"One of those moments when dance really took 'the song' back."
Billboard is celebrating the 2010s with essays on the 100 songs that we feel most define the decade that was -- the songs that both shaped and reflected the music and culture of the period -- with help telling their stories from some of the artists, behind-the-scenes collaborators and industry insiders involved.
Just as dubstep was on the verge of becoming the next massive wave in EDM, two brothers from Surrey, England decided to crash the dancefloor with a single song.
Howard and Guy Lawrence, better known as Disclosure, released “Latch” -- the lead single from their acclaimed 2013 debut album Settle -- in Oct. 2012. It was a sparkling deep house track that leaned more soulful than electronic due to the heartfelt vocals from a then still largely unknown Sam Smith. The duo met Smith through Jimmy Napes, a mutual friend and songwriter (known for his work with fellow Brits Jessie Ware, Clean Bandit, and Gorgon City). Their first studio encounter led to the birth of “Latch.”
“It was a fun process full of excitement and joy. We worked hard when we needed to, and went to the pub a couple of times when we didn’t,” the duo, who wrote the tune with both Smith and Napes in the studio, writes to Billboard. “We couldn’t believe Smithy wasn’t already famous. Sam had the personality, the look, the hair. You could definitely tell big things would be on the horizon.”
“Latch” was the complete opposite of what was occurring in the dance world at the time. As dubstep heroes like Benga, Bassnectar and Skrillex were pounding out intense bass drops and grimy synths, Disclosure opted for a verse-chorus-verse structure and poppier melodies. The more classic approach is what got radio DJs like Apple Music’s Beats 1 host Zane Lowe hooked on Disclosure’s sound.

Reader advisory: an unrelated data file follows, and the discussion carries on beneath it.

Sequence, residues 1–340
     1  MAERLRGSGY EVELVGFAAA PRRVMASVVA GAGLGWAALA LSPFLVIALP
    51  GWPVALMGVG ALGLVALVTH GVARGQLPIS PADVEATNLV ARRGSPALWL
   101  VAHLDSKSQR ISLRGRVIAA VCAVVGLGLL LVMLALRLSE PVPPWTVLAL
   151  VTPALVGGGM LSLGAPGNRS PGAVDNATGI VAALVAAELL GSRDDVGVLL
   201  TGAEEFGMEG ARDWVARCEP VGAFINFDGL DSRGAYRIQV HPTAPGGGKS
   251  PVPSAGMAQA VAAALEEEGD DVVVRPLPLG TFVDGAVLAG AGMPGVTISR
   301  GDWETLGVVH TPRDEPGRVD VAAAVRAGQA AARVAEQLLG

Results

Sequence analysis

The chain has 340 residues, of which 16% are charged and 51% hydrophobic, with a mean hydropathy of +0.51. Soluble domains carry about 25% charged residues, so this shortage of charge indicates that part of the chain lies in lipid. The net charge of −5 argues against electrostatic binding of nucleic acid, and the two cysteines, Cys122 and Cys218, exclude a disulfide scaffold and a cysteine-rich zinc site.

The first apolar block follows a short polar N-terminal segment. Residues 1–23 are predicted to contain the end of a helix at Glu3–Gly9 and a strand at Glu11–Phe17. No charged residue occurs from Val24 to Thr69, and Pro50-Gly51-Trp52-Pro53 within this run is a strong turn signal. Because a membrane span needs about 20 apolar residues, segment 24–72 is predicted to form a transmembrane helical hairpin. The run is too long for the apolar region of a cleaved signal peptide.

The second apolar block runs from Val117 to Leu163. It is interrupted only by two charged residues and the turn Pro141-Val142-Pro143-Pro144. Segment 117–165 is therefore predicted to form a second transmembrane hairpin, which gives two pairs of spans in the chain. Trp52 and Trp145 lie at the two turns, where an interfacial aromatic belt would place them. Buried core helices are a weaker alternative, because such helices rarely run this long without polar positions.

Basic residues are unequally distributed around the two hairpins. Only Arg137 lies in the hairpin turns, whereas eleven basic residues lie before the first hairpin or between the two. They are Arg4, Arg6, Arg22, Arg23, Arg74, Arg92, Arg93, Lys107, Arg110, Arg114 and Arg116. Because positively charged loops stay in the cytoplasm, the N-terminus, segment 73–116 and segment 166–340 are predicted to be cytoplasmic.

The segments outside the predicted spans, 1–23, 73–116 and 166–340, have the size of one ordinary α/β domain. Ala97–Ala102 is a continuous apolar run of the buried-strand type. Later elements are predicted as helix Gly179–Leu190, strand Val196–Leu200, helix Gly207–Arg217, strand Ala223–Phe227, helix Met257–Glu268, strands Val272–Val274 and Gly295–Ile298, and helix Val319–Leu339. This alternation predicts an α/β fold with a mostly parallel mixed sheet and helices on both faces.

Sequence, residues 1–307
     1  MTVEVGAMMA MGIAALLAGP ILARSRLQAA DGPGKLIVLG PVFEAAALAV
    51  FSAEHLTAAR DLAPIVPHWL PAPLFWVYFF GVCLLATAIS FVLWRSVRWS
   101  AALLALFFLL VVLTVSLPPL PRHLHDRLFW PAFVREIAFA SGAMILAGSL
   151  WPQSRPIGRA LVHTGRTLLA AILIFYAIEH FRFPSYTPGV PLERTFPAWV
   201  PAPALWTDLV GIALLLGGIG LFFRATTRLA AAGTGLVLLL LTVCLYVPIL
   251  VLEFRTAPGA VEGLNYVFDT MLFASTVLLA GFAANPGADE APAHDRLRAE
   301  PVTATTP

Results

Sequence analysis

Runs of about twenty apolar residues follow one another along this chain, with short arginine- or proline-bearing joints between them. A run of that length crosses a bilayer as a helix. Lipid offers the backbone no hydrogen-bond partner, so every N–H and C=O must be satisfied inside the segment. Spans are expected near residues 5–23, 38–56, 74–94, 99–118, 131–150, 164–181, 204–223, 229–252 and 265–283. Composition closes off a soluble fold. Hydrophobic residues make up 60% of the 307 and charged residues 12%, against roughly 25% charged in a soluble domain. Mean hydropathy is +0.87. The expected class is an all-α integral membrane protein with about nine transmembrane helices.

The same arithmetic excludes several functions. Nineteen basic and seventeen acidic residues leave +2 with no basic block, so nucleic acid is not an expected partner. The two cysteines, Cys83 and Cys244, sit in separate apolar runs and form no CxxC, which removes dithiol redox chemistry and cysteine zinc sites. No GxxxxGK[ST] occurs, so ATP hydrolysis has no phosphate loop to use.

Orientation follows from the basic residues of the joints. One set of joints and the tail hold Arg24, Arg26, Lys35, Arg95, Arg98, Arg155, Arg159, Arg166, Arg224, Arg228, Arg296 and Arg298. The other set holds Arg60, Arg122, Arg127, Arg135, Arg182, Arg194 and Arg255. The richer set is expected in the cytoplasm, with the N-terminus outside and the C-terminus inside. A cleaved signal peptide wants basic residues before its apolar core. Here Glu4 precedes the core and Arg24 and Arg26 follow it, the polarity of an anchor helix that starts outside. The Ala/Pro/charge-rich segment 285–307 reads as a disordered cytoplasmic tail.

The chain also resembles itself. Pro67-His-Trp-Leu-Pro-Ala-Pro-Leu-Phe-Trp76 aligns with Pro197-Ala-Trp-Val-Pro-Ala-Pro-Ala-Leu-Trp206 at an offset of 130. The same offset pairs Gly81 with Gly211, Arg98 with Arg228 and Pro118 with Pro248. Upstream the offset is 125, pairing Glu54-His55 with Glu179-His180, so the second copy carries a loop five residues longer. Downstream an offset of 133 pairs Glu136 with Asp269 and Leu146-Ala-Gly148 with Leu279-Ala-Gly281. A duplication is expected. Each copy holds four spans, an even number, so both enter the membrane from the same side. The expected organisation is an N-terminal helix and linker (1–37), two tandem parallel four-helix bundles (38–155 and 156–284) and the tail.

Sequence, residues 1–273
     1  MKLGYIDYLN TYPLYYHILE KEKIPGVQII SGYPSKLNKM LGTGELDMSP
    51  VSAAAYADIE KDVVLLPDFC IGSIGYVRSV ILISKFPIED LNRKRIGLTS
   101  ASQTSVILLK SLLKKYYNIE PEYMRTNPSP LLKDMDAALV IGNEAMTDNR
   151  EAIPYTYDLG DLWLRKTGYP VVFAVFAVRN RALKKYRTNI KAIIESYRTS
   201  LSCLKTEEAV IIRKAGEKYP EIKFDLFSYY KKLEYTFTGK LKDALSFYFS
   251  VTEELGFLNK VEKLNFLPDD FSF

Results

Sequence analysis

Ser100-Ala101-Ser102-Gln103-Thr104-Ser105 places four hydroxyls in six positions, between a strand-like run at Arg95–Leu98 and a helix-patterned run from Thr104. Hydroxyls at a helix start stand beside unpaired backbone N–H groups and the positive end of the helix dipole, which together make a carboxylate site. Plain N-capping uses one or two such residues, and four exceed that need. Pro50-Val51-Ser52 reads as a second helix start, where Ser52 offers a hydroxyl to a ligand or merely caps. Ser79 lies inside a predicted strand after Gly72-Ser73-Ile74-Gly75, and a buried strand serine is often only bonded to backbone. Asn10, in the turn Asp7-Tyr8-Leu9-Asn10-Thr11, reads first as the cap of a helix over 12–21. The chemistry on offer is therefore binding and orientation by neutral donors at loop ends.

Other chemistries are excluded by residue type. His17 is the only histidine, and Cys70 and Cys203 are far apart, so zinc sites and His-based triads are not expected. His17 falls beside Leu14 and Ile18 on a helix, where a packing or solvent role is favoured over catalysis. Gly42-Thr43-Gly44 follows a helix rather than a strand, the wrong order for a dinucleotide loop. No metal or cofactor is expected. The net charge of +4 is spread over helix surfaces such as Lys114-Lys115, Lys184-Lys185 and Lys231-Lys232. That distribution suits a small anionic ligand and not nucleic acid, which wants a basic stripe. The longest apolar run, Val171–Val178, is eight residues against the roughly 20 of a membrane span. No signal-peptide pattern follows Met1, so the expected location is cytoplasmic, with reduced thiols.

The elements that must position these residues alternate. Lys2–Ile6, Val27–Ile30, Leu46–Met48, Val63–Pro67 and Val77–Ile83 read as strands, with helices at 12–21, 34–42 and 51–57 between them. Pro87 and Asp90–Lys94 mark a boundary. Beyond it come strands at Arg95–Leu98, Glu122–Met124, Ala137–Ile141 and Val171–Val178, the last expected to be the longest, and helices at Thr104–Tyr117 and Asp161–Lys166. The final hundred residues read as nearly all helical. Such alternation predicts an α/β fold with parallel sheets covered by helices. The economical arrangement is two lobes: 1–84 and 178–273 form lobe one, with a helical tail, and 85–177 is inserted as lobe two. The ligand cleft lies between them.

“I remember when [BBC Radio 1 DJ] Annie Mac played an early demo from Disclosure and I was just blown away,” Lowe explains. “I was instantly like, ‘Who is this?’ I was super impressed by the fact that they were pulling lots of different influences: U.K. garage, a little deep house, R&B and pop.”
Like Lowe, many weren’t prepared for the “Latch” moment -- due to “Sam’s really big, diva-esque vocal with this beautiful vulnerability that was put over this thoughtful, modern hybrid dance music.” Yet the song didn’t make for an instant hit. It took two years after its release to peak at No. 7 on the Billboard Hot 100. So why the long wait? “America's big, for starters,” explains Lowe. “It's a much longer hill to roll down.”
He credits “Latch” for changing dance music’s previous fan experience into becoming more personalized. “You didn't think, ‘I can't wait to go to the club tonight and lose my mind to this!’ You wanted to listen to it just as a song. [That sound] was something people didn't know they had an appetite for until Disclosure came along and reminded them.”
Once the success of “Latch” traveled across the pond and into other audiences, the song found homes in unexpected places beyond EDM. It peaked at No. 5 on R&B/Hip-Hop Airplay, No. 3 on Rhythmic Songs chart and No. 10 on Adult R&B Songs -- a rare occurrence for predominantly white British DJs at that time.
From party singalongs to wedding dancefloors, Disclosure’s “Latch” grasped listeners from varying ages who either appreciated its old-school style or were discovering house music for the first time. “It opened this hole that was waiting to be filled by vocally lead dance music,” the sibling pair notes. “Once America got hold of it and grew there, we knew that it would be a career-defining moment in time for us.”
“We didn't have a lot of dance music providing a canvas for songwriters at that point,” Lowe says. “[It was] one of those moments when dance really took the song back -- and Disclosure was really at the spearhead of that.”